This is a scene from George Orwell’s dystopian novel “Nineteen Eighty-four” where the main protagonist Winston is in the custody of the Ministry of Love and is undergoing treatment to correct (or cure) his contempt of the ruling government. Standing guard and watching impassively is a heavily armed member of the thought police, symbolic of absolute authority while the tiled room is representative of the “institution” – a place where people are processed in one form or another.
The thought policeman in this scene does not necessarily represent an oppressive totalitarian state; it could be any group or majority at any level of society in any area of human affairs. Indeed, it is pointed out that the underlying ideology held by the group is irrelevant; the most disturbing thing is the enforcement of those ideals or values (groupthink) upon those that disagree or question or have any other ideas contrary to what is accepted. The book not only portrays power taken to its logical extreme, but it is a frightening illustration of how individual will and thought can be manipulated, broken and re-shaped to suit the beliefs of the state or society at the time. Consequently, Winston’s willful act of rebellion by loving someone other than Big Brother, the apparent figurehead of the pervasive ruling party that controls every single aspect of human behaviour (including thought) leads to his downfall.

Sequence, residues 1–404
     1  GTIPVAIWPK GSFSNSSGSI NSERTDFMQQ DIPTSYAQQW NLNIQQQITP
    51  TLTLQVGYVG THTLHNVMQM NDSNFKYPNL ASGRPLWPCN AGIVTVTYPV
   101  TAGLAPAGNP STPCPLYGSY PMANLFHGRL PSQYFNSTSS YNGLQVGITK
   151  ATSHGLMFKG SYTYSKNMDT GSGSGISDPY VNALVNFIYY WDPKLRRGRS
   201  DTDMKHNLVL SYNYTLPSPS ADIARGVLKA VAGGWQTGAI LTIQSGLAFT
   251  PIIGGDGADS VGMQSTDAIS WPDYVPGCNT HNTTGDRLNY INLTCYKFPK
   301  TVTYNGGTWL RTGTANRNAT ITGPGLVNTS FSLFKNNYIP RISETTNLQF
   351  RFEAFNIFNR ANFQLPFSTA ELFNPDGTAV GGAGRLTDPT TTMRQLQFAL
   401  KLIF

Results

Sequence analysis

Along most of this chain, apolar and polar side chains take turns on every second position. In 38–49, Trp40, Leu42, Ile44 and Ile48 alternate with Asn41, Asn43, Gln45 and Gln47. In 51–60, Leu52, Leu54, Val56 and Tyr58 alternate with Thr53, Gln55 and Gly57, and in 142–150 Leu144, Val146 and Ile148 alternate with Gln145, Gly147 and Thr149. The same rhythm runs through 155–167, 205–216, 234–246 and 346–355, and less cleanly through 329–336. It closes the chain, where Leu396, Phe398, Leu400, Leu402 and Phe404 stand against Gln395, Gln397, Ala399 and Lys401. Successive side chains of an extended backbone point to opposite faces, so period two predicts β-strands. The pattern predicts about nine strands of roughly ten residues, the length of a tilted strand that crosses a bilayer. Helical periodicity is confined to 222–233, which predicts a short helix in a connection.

The themes of constant surveillance, misinformation, the shifting nature of accepted fact and orthodox thought examined in Nineteen Eighty-four resonate within our modern world more than ever with the tremendous impact of the Internet, social media and the introduction of mobile devices into people’s lives. Orwell’s profound insight is summed up by the following quote from the book that also provided inspiration to this picture:
“The invention of print, however, made it easier to manipulate public opinion, and the film and the radio carried the process further. With the development of television, and the technical advance which made it possible to receive and transmit simultaneously on the same instrument, private life came to an end. Every citizen, or at least every citizen important enough to be worth watching, could be kept for twenty-four hours a day under the eyes of the police and in the sound of official propaganda, with all other channels of communication closed. The possibility of enforcing not only complete obedience to the will of the State, but complete uniformity of opinion on all subjects, now existed for the first time.”